"I recall growing up during the 1950's and when I'd left school for the day I'd then have to start on my other jobs and get them finished before my dad returned from the pit and occupied our only room having a tin-tub bath. My home chores would amount to around one hour daily after school had ended, plus two hours on a Saturday morning before mum would let me attend the Saturday matinee in Cleckheaton.
She would usually give me my weekly spending money; a shiny, silver, six-penny piece to spend. There would be three old pence entrance fee to the picture house and two old pence for an ice cream at the interval, leaving one penny for two gobstoppers on the way home. I also had to walk the two-mile distance to and from the picture house. If I only had a three-penny bit spending money that week instead of sixpence, due to any shortage in family monies or having committed some misdeaner during the week (for which a three-penny punishment would be automatically levied), prior arrangements would be made with a friend who could afford the entrance fee to the Saturday morning matinee. My friend would visit the lavatory after the film had started and open the fire door to let me sneak in. I must admit, I didn't view this practice as being strictly criminal because we all did it sometimes.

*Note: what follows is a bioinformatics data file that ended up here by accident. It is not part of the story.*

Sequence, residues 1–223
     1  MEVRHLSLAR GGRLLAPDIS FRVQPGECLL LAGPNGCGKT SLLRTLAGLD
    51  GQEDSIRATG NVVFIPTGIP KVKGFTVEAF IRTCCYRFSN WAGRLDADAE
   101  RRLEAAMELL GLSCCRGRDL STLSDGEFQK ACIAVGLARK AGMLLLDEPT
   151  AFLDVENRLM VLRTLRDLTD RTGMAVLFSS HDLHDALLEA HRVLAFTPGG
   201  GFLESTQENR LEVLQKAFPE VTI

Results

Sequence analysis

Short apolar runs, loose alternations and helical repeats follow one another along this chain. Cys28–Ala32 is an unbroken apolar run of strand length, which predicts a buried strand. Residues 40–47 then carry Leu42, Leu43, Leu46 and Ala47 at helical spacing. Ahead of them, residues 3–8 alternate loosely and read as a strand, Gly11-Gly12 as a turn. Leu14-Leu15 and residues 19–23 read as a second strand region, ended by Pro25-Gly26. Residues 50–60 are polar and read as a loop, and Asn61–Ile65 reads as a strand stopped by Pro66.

By the age of 8 years, I had started to earn sixpence a week from an elderly-widower neighbour for doing his shopping and emptying the ashes from his fire grate once a day. I would give my mother this sixpence towards the household income and although she never admitted it, I strongly suspect that it was the very same sixpence that she gave me back on a Saturday morning as my spending money! She certainly knew how to make the household budget stretch and the money go round and could have easily given the Chancellor a few financial tips in the area of redistribution." William Forde: December 17th, 2013.